In New Mexico, United States
Size:  (not chosen)
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Flat, graveled parking lot only a VERY short walk to the Blue Hole. We would consider this cache wheelchair accessible, but would appreciate any comments to the contrary so we can update this page as necessary.
*** To qualify a find for this cache, we ask that the seeker state the time of day and how many of the steps down into the pool (not including the platform) are covered with water. Also, please estimate the difference in elevation between the Blue Hole and another nearby natural water feature (to do this, find the elevation at the nearest open water and the elevation at the Blue Hole and compare the two - there are a few very nice lakes in the Santa Rosa area and this is a great excuse to visit & enjoy them). Email your answers through our profile at Geocaching.com - do not post your answers in your log or it may be deleted. A photo of yourself at the pool would be appreciated too, but is not mandatory.***
The Blue Hole in Santa Rosa, New Mexico is a natural, bell-shaped artesian spring. It is 81 feet deep and has a constant water temperature of 64 degrees. The pool is amazingly clear and a bright turquoise blue.
Artesian springs are formed from aquifers, which are underground water sources within layers of water-bearing porous stone, earth, or gravel. In the case of the Blue Hole, the material is sandstone. Water, usually from rainfall, builds up over time, permeating the sandstone. As more and more water saturates the sandstone, the pressure increases and eventually the water must move. Gravity and rock density determine the path, and the water follows the path of least resistance. When water within an aquifer is confined at sufficient pressure to cause the water surface to rise above the surface of the ground, such formations are said to be functioning under artesian conditions. They can come through faults and softer layers of sediment, or flow through caverns. So to simplify - an artesian is a confined aquifer that has found a way for the groundwater to flow upwards due to pressure.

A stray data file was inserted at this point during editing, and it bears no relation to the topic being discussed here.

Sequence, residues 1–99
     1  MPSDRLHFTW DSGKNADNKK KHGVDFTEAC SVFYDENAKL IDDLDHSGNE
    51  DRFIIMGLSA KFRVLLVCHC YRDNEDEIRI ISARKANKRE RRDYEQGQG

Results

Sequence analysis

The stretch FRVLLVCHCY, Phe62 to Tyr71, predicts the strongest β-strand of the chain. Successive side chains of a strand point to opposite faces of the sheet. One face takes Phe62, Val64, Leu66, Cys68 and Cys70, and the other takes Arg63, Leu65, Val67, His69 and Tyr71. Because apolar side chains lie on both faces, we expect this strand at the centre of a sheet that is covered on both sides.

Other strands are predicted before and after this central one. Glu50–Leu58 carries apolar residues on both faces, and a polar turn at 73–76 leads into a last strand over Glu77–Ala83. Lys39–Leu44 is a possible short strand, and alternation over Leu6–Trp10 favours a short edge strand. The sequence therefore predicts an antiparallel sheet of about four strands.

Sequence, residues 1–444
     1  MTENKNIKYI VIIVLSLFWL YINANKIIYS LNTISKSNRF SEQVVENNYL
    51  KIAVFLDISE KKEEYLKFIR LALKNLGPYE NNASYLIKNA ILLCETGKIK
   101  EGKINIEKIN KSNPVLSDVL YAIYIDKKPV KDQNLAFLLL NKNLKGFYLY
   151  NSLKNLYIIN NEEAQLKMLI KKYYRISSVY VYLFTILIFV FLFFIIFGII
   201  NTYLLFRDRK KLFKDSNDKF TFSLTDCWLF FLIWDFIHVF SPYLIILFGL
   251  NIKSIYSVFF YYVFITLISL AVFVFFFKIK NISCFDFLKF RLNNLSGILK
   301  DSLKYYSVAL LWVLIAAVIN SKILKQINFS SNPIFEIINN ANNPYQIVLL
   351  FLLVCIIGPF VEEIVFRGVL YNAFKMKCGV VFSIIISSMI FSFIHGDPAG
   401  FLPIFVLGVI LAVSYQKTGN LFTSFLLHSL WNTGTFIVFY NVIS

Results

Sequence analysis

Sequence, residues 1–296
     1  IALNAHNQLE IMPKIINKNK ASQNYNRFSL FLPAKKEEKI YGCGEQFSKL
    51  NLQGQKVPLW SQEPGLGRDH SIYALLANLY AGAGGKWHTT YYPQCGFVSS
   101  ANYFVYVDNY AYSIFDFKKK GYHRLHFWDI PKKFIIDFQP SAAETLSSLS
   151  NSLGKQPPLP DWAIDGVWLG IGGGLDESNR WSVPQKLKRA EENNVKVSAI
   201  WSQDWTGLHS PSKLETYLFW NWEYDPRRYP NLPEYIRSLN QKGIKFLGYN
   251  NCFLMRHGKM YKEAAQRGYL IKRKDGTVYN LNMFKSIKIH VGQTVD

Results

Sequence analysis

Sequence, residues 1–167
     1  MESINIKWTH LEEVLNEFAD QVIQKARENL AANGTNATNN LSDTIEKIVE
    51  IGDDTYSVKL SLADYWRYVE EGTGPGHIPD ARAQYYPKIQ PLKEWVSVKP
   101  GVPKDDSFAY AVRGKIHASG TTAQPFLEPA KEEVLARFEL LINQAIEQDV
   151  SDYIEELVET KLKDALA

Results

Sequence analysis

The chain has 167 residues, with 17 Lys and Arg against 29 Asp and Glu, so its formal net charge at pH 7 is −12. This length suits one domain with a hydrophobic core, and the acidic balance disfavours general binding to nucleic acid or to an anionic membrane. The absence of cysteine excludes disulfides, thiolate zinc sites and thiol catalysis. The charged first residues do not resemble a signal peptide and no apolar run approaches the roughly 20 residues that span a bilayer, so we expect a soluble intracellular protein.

The Blue Hole was produced from a cave system near the well's bottom (the access to this cave system has been permanently sealed with a steel grate for safety). Water flows into the hole at 3,000 gallons per minute, recycling the water every six hours.
The Blue Hole is a very popular spot for SCUBA divers and can be an extremely busy place to visit. The spring is 4,600' above sea level making the bottom equivalent of over 100' of depth in the ocean. Considering this, diving to the bottom would be considered an "altitude" dive and specialty SCUBA courses in Altitude Diving are often taught here. Since driving to a higher elevation after a dive would basically be the same as flying after diving, divers have to observe special rules after conducting an altitude dive. Divers heading back to Albuquerque after diving the Blue Hole have to off-gas several hours because the highway crosses a mountain ridge of more than 7,000 feet.
NOTE 10/2/13: For anyone interested, jadzea tipped us off to an article regarding this interesting spot... (visit link)
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Last Updated: on 11/30/2013 2:20:33 PM (UTC-08:00) Pacific Time (US & Canada) (10:20 PM GMT)
Coordinates are in the WGS84 datum